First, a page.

CINCINNATI, Ohio – The U.S. Court of Appeals for the Sixth Circuit has granted a motion that effectively blocks the U.S. Army Corps of Engineers and Environmental Protection Agency from enforcing a new rule that extends the federal agency’s authority to all bodies of water.
The rule – known generally as the “Waters of the United States” rule – was published in the Federal Register June 29. The EPA and the U.S. Army Corps of Engineers began enforcement Aug. 28.
Under the rule, the EPA’s authority extends to almost all bodies of water, no matter the size or frequency.
On Friday, two out of three Sixth Circuit judges sided with the petitioners -- Ohio, Michigan, Tennessee, Oklahoma, Texas, Louisiana, Mississippi, Georgia, – West Virginia, Alabama, Florida, Indiana, Kansas, Kentucky, South Carolina, Utah, Wisconsin and the North Carolina Department of Environment and Natural Resources – saying they demonstrated “a substantial possibility of success on the merits of their claims.”
“Petitioners first claim that the Rule’s treatment of tributaries, ‘adjacent waters,’ and waters having a ‘significant nexus’ to navigable waters is at odds with the Supreme Court’s ruling in Rapanos, where the Court vacated the Sixth Circuit’s upholding of wetlands regulation by the Army Corps of Engineers,” the panel wrote in a six-page decision. “Even assuming, for present purposes, as the parties do, that Justice Kennedy’s opinion in Rapanos represents the best instruction on the permissible parameters of ‘waters of the United States’ as used in the Clean Water Act, it is far from clear that the new Rule’s distance limitations are harmonious with the instruction.
“Moreover, the rulemaking process by which the distance limitations were adopted is facially suspect.”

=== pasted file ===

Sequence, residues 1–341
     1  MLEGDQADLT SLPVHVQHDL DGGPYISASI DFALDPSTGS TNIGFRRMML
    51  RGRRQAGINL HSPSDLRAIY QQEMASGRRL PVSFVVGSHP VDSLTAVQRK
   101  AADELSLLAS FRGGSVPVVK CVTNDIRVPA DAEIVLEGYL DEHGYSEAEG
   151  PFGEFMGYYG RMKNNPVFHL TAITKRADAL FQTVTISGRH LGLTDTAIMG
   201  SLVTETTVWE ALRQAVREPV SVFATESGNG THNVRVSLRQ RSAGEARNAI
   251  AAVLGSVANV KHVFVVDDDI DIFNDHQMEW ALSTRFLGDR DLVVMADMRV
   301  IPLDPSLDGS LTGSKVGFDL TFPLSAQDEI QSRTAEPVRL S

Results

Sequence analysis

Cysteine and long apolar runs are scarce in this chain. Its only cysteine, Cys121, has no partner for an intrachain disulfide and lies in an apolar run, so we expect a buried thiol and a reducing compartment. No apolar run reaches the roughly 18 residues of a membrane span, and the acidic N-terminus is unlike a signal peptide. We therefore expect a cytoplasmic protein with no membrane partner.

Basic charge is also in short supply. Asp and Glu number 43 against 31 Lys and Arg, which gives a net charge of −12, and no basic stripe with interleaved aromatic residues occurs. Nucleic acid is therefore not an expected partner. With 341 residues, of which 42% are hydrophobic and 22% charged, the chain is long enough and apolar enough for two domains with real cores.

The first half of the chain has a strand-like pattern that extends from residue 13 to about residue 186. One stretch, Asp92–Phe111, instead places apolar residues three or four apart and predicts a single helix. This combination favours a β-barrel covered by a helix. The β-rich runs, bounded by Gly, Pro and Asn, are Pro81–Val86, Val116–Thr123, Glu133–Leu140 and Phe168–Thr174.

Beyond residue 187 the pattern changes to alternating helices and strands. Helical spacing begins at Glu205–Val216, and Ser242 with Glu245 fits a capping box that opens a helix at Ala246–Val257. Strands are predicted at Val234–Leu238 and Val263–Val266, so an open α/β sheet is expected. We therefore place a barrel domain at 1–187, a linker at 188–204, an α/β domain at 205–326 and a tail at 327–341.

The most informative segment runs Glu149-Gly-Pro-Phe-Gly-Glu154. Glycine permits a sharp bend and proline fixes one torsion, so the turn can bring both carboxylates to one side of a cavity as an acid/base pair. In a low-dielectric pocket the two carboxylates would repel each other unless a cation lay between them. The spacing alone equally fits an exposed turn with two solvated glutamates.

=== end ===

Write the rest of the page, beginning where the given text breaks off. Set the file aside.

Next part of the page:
West Virginia Attorney General Patrick Morrisey, who led the charge, hailed the Sixth Circuit’s ruling as a “critical victory” in the fight against federal overreach.
“We have said from the beginning that this new rule does not pass legal muster, and had it been allowed to remain in effect, homeowners, farmers and a host of other entities across our state would have found themselves subject to a costly regime of new, complicated federal regulations,” Morrisey explained.
“The Sixth Circuit’s decision today saves these individuals and businesses from this hefty burden.”
Morrisey said the court’s granting of the stay reaffirms the states’ belief that they have a strong case on the merits and that the courts ultimately will strike down the “burdensome” regulation.
“We look forward to continuing to challenge this rule’s legality in court and are confident we will prevail,” he said.
The rule extends the EPA and Corps of Engineers’ regulatory jurisdiction to an untold number of small bodies of water, including roadside ditches and short-lived streams or any other area where the agencies believe water may flow once every 100 years.
Thirty-one states and state agencies have challenged the legality of the regulation, arguing it violates the Clean Water Act, the Administrative Procedure Act and the U.S. Constitution. They argue it also usurps their primary responsibility of management, protection and care of intrastate waters and lands. That coalition includes West Virginia, Alabama, Alaska, Arkansas, Colorado, Florida, Georgia, Idaho, Indiana, Kansas, Kentucky, Louisiana, Michigan, Mississippi, Missouri, Montana, Nebraska, Nevada, North Dakota, Ohio, Oklahoma, South Carolina, South Dakota, Tennessee, Texas, Utah, Wisconsin, Wyoming, the North Carolina Department of Environment and Natural Resources, the New Mexico Environmental Engineer and the New Mexico State Engineer.
U.S. Rep. Alex Mooney, R-W.Va., applauded Morrisey’s efforts in preventing the “devastating” regulation from going into effect.
“This is a major win for farmers, businesses, and families in West Virginia,” Mooney said. “The Environmental Protection Agency’s harmful WOTUS rule is detrimental to our communities in West Virginia and across the country.”
West Virginia Republican Party Chairman Conrad Lucas also credited Morrisey.
“Thanks to a conservative attorney general with the courage to take on D.C. and Obama, we have a fighting chance to save our energy industries, farms and private property rights,” Lucas said.
“Every day Patrick Morrisey works to protect us from an out-of-control Federal bureaucracy. West Virginia is lucky to have such a committed and effective conservative leader in Patrick Morrisey.”